Ray Williams: A good question. We have the skilled migration programme to Australia where 75  and percent of the migrants who come here have the appropriate skills and financial capacity to support themselves. They come here with financial capacity and skills,  whether they are doctors or trades people or whether they are mechanics or whatever  background they have but there is one area that is problematic and that is ensuring their skills meet the qualification in Australia. There are programmes to learn English. We have educational programmes where they can re-skill themselves to bring their qualifications up. As an example the doctors, we are always looking for doctors who could work in rural and regional areas. Some times they have to up-skill or the qualification they have from the country of their birth are not up to the Australian standards. There are processes available to equip them with skills and have the jobs open to them. On behalf of the migrant families, we have one of the best education programmes in the world where  virtually you can go through your education from kindergarten to complete your university degree at no upfront  cost whatsoever, through the public system. The university fees could be offset by the work you do later. You won’t find these opportunities anywhere in the world.

The IST: A closely related question: You had said during the refugee week that the government is planning to advertise to help multicultural media. Is that still open?

Ray Williams: We advertise all the times as do Ministers with other portfolios and the Premier. There are times when we advertise in certain areas where there an opportunity is opening up  in areas of high prominence of Chinese people, we advertise in Chinese newspapers, Lebanese newspapers, Muslim newspapers. It depends on events what might be a new hospitals opening up, we do advertise in specific areas. We do keep advertising.

The IST: The community needs cohesion. What are the hurdles coming in the way?

Ray Williams: In terms of Harmony, you mean? We embrace every nationality, we don’t discriminate anyone on the basis of their nationality, gender, religion. Those principles of multiculturalism are enshrined here in the country and were first enshrined in NSW Parliament under the Anti-discrimination Act and then reinforced in 2004 as Multicultural Act for supporting cultural diversity And, I think to highlight our support of the cultural diversity while the recent initiative we undertake to a very important statement of Anti-discrimination Act that being when people use racially motivated language to incite violence which with compliance under section 22 of the Anti-discrimination Act Act and we at the NSW government and Attorney General Mark Speakman took it out of the Anti -discrimination Act and placed it under the Crimes Act as we feel it is a punishable crime as it should be. Anybody regardless of who they are use  racially motivated hate speech to incite violence will be punished and can be punished was an appropriate law . There is a message in it do we want people to be locked op ? No we will not lock them up but we want them to be respectful  in their language from the highest level in this country to an average person on the street and everyone in between. That is the profound message we at the NSW government  embrace that was discussed for a very long time with community and culturally diverse leaders before we came to a consensus that everybody was satisfied that was an appropriate law to be put in place to punish anybody who makes hate speech. It reinforces that we at the government we are going to do everything we can prevent anybody  who makes such comments , we promote harmony and social cohesion.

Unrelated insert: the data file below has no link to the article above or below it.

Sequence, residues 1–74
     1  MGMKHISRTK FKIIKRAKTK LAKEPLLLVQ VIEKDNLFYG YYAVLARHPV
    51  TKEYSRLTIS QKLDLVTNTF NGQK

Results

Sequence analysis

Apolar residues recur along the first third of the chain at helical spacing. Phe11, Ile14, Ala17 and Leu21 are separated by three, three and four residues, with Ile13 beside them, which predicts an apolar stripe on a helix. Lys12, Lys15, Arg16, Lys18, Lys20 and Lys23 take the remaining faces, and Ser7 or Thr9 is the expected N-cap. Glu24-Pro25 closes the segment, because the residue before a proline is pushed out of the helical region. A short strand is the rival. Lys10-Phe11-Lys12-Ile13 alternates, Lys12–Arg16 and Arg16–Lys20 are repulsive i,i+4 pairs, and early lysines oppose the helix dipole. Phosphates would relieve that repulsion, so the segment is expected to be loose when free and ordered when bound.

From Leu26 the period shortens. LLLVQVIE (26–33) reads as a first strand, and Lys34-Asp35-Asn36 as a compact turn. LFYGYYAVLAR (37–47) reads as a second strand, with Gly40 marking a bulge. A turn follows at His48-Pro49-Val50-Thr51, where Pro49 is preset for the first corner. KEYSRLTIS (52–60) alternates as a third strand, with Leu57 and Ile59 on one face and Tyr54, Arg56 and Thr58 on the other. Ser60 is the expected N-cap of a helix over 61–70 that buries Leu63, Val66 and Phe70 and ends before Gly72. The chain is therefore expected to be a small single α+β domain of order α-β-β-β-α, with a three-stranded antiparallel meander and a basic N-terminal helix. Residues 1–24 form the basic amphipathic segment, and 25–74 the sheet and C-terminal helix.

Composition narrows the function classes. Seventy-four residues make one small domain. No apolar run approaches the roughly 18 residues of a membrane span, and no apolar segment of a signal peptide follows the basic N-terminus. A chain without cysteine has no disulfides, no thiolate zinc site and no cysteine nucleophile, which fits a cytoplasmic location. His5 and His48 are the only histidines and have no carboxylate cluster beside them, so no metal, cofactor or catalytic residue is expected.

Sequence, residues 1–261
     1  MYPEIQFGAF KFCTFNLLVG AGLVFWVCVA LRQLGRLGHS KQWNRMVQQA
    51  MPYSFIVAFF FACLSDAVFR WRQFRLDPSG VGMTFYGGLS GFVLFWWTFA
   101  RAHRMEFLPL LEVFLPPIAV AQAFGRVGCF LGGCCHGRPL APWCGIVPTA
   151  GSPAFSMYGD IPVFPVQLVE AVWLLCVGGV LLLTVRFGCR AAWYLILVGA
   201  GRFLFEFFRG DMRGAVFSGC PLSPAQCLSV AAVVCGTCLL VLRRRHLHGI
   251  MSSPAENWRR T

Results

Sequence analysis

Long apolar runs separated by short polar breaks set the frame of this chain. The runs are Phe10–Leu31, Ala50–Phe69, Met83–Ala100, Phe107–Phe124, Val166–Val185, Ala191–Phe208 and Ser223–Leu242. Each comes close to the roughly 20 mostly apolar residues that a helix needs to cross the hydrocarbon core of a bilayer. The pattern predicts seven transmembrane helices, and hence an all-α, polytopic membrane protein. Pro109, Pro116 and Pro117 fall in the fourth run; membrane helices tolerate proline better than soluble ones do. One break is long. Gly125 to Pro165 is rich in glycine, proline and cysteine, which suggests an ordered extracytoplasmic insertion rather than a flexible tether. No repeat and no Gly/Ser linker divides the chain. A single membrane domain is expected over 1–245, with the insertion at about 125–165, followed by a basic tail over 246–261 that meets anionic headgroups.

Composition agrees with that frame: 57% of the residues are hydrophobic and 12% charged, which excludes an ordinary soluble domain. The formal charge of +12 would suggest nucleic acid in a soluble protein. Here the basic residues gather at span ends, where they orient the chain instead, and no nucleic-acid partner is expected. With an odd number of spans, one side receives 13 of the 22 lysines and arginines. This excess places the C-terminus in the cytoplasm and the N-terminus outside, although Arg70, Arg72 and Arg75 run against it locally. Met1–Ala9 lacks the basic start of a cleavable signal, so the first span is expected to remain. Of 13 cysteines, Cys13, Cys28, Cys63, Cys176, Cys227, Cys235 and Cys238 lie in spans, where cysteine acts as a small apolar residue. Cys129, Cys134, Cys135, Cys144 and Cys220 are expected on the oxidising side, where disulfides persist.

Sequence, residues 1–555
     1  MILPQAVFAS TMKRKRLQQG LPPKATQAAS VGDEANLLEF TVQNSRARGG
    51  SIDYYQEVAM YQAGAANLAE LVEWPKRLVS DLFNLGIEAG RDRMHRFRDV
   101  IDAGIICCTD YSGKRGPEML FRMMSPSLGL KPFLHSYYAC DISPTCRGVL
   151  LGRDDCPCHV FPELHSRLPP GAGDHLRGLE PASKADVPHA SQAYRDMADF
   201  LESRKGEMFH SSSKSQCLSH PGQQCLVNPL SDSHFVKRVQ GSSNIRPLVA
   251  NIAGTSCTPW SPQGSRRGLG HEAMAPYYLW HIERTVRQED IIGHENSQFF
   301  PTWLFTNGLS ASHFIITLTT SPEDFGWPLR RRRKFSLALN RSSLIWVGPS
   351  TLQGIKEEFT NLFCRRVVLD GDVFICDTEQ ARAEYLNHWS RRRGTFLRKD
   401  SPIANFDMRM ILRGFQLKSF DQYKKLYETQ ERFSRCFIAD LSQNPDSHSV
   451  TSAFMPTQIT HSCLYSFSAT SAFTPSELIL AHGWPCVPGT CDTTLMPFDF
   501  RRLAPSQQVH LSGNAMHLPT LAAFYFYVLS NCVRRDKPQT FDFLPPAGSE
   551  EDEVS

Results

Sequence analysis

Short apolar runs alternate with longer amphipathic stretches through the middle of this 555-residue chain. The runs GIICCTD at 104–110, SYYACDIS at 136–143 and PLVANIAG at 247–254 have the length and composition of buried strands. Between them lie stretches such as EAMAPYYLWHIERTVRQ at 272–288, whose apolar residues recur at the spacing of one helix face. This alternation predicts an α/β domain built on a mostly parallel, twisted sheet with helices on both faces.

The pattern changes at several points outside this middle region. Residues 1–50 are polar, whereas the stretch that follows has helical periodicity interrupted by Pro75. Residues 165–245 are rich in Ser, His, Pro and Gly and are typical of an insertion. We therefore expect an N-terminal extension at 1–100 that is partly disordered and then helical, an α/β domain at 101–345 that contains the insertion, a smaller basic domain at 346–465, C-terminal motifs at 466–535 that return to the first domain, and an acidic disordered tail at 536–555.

The IST: How liberal are you in giving grants as we have small groups getting together and applying for grants?

Ray Williams: There is a high degree of probing into the grants. If some group applies for grants for first time to conduct a cultural festival they are given but when they come in the following year we ask for report, as to what they have done with the grant, how many people attended the event and how the money was spent. Unless we are satisfied we do not give grants.

Well, Minister, thank you very much for your time.

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About Ashok Kumar

Ashok Kumar is an accomplished journalist with over 38 years of experience in the profession in various capacities. He was a sub-editor in Patriot and later Chief Sub-editor in The Hindustan Times, New Delhi. He has several published articles and reports in Patriot and HT. Published reports in The Blacktown Sun in Sydney. He had also been a tutor in journalism in the University of Western Sydney. He is currently Editor at The Indian Sub-continent Times, Sydney.